In summer 2021, Mastromonaco, who attended Bellevue University in Nebraska, joined McManus on campus to work with the IDEA Center and refine their idea. And in 2022, their company, Mound Power, won best undergraduate venture in the center’s McCloskey New Venture Competition. The center also provided funding for the pair to travel to the American Baseball Coaches Association Convention in 2022, where they caught the attention of the Chicago Cubs.

“We owe so much to Notre Dame and the IDEA Center. They gave us our first look at what entrepreneurship means, and we got really excited by that,” McManus said. “And the mentorship they provided was super helpful especially with navigating our relationship with the Cubs.”

For the last three years, McManus has also helped other student founders explore entrepreneurship, by taking on a role as a startup coach at the IDEA Center. A Grand Challenges Scholar and a Sorin Scholar in the Flatley Center for Undergraduate Scholarly Engagement, he is also a member of Tau Beta Pi honor society for engineering and Eta Kappa Nu, the international honor society of the Institute of Electrical and Electronics Engineers.

While on campus, McManus has developed close relationships with the faculty in the Department of Electrical Engineering and has conducted research with Greg Snider, professor and chair of the department, since his sophomore year. As the longest-serving undergraduate in the group, he has also taken on an advisory role where he assists other undergraduate researchers in their efforts.

McManus credits courses such as Integrated Circuit Fabrication, which he took with Alan Seabaugh, the Frank M. Freimann Professor of Electrical Engineering and director of Notre Dame Nanoscience and Technology, with inspiring him to focus on nanotechnology in his research and graduate studies. .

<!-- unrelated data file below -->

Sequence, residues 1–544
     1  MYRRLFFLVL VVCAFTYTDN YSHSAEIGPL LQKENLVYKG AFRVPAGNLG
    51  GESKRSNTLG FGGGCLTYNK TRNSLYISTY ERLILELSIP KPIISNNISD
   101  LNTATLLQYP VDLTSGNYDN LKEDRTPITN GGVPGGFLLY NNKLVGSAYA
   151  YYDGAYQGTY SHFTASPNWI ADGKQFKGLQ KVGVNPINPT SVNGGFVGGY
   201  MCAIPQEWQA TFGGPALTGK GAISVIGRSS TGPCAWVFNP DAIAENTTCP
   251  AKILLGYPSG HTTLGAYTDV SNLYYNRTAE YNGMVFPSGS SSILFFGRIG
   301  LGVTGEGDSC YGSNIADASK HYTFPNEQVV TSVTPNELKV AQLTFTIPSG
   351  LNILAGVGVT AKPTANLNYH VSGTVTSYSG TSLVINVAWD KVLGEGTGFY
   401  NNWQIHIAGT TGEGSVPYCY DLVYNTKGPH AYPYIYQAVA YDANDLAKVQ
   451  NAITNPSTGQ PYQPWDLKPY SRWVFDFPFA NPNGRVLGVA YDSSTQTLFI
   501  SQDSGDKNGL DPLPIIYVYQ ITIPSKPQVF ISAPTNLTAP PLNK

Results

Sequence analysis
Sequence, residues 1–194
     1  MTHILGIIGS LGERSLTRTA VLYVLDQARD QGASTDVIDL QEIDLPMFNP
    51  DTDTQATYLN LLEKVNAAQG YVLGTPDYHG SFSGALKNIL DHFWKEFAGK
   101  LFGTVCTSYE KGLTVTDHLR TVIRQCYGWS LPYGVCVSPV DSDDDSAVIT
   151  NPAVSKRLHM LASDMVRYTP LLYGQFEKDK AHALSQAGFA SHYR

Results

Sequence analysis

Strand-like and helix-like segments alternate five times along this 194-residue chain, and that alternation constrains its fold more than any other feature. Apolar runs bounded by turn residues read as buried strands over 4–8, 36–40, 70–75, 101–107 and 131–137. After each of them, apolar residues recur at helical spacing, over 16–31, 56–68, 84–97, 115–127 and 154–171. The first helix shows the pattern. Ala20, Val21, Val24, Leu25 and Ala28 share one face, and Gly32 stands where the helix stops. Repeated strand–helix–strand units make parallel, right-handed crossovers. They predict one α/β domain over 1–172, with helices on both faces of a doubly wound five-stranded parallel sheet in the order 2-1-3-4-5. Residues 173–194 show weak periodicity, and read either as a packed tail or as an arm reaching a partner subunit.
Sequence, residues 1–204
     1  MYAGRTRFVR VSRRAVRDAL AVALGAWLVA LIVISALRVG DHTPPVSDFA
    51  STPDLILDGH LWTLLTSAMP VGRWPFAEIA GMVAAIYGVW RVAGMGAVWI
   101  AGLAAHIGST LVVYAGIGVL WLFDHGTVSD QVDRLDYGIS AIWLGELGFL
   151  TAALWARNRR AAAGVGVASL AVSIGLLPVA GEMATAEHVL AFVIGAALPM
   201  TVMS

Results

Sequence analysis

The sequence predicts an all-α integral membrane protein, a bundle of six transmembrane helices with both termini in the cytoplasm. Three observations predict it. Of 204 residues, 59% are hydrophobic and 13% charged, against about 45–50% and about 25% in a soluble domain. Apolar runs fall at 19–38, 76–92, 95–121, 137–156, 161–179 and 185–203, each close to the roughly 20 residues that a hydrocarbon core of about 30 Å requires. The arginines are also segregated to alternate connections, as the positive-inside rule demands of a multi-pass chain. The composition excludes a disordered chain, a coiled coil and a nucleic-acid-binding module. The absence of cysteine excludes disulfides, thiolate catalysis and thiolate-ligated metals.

Richard McManus stands with his father and grandfather on campus.
McManus Jr. with his father, Richard Allen McManus Sr. '92, and his grandfather Richard Walter McManus '63.

“A class like IC Fab is not really offered at the undergraduate level at other universities, and the fact that the nanofabrication facility is open to undergrads, as well, is incredible,” he said. “The number of opportunities we have here to dive into research or just get to know our professors has been great. I have always felt comfortable just knocking on their doors to ask for their thoughts on something.”

The decision to come to Notre Dame was an easy one for McManus. He’s dreamed of it since he first visited campus as a young child with his father and grandfather, who are both graduates.

Both men—who went on from Notre Dame to become pilots in the US Navy—will be in the audience at Commencement, cheering him on with the rest of his family.

And when he walks across the stage, he’ll be wearing a class ring dated 1963. The ring, which originally belonged to his grandfather, Richard Walter McManus, was first passed down to his father, Richard Allen McManus Sr., upon his Notre Dame graduation in 1992 and then gifted to McManus Jr. last year, with all three men’s names inscribed on the inside.

“Carrying on that Notre Dame tradition and honoring my father and grandfather has meant the world to me,” he said. “While I am taking a different path after graduation, I cherish the Notre Dame experience we share and know that we truly all found our home under the Dome.”